Do our children need to manage their relationship with tech?

Do our children need to manage their relationship with tech?
It's not just cyber exposure for which we need to we need to be wary - our environment, in general, has changed.

Or should we help them manage it? If yes, how? Tread carefully. Build a circle of trust, don't be afraid to set boundaries, and be aware of the potential dangers of cyber exposure.

By Purva Grover

Published: Sun 29 Apr 2018, 12:05 PM

Last updated: Sun 29 Apr 2018, 2:25 PM

As adults, we're often found guilty of overprotecting our children. Until recently, we could bubble wrap them to make sure nothing untoward and inappropriate reached them until the time they were ready to receive it. We can't do that anymore. Yes, there are parental control settings on iPads, passcodes on mobiles and the child lock option on televisions. Yet, they're exposed - to conversations interspersed with foul words, discussions on sensitive topics, episodes of adult humour, inappropriate forwards on WhatsApp, adultrated shows on YouTube, and more. And, it's not just cyber exposure for which we need to be wary - our environment, in general, has changed; it's more casual, open and relaxed. Add to it the fact that the young adults today have a mind of their own - leaving us with limited decision-making powers to help them make correct, age-appropriate choices. "We are living in an era where our children have access to multiple devices at home and school, and therefore, are exposed to content much earlier than is developmentally appropriate. So, our ability to control what they consume is limited. These influences can lead our children to react with behavioural and emotional responses that are at odds with their environment and settings," says Dr Tara Wyne, a clinical psychologist. This, once again, opens the door to the age-old debate: What can we as adults do in this situation? We find out.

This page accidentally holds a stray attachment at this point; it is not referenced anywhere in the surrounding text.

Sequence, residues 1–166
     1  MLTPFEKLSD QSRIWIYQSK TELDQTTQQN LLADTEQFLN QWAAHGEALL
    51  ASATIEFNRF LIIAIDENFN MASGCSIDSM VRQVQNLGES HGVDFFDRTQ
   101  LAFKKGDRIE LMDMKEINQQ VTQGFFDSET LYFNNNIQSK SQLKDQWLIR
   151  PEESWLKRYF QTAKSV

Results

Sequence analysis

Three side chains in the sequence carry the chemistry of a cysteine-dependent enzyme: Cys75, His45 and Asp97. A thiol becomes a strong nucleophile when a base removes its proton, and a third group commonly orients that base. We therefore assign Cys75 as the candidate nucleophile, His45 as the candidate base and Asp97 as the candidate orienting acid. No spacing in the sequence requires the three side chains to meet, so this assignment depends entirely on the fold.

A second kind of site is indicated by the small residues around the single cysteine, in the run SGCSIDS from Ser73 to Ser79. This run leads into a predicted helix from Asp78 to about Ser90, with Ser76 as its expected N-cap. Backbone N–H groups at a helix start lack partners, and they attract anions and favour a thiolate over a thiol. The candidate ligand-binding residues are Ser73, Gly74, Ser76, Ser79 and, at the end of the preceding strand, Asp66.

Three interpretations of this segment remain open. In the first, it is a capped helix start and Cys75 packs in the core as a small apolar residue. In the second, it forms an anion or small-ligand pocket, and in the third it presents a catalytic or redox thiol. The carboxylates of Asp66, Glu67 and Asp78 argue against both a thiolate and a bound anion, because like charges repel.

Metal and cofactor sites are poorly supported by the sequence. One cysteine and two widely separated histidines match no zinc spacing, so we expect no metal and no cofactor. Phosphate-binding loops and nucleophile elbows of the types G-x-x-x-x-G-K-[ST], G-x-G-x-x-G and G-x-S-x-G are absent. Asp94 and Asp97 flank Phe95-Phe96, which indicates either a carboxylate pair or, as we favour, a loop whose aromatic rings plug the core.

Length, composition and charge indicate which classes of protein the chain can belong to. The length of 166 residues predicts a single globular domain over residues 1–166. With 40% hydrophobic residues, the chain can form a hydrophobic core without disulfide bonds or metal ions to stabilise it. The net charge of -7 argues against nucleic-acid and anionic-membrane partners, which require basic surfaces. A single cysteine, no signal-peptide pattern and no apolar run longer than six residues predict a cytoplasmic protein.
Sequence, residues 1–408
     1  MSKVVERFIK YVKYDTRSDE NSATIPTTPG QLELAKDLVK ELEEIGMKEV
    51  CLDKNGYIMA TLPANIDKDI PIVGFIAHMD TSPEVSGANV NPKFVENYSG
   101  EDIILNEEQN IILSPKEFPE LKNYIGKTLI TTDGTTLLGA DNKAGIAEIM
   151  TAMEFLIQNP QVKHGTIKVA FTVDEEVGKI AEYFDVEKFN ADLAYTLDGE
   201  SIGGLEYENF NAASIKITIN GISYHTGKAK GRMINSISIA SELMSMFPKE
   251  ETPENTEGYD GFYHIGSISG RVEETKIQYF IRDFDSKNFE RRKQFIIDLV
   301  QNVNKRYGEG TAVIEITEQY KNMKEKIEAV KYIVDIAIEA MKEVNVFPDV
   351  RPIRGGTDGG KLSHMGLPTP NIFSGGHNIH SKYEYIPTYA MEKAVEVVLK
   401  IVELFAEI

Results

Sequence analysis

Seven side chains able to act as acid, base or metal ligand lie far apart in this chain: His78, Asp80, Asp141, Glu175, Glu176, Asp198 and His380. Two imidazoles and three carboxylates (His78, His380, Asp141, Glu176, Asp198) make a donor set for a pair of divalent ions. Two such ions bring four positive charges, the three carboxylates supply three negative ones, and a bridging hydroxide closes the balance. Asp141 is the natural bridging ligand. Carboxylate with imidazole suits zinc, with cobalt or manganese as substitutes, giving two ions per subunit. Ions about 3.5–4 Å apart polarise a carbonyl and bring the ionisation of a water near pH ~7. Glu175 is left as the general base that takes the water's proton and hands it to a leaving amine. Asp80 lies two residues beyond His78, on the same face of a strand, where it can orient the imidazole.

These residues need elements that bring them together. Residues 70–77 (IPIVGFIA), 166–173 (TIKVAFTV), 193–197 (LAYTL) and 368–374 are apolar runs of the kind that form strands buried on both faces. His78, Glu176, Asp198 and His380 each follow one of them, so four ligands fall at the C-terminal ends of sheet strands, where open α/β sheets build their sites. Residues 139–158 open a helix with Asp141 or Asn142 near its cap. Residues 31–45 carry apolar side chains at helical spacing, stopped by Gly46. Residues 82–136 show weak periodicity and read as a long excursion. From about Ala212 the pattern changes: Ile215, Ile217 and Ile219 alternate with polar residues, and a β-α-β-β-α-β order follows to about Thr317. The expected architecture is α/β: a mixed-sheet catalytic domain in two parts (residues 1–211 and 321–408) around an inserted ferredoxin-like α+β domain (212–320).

We're in this together
"It's important that parents realise that the need of the hour is for them to take collective action towards bringing up a better generation," says Meenakshi Natesan, a senior technical manager and mother to two daughters. "I feel it's important that the discussion on the topic continues. We're in this together; the changes I bring about in my home will be successful only if they're supported by other homes (as a society).
It's not about judgement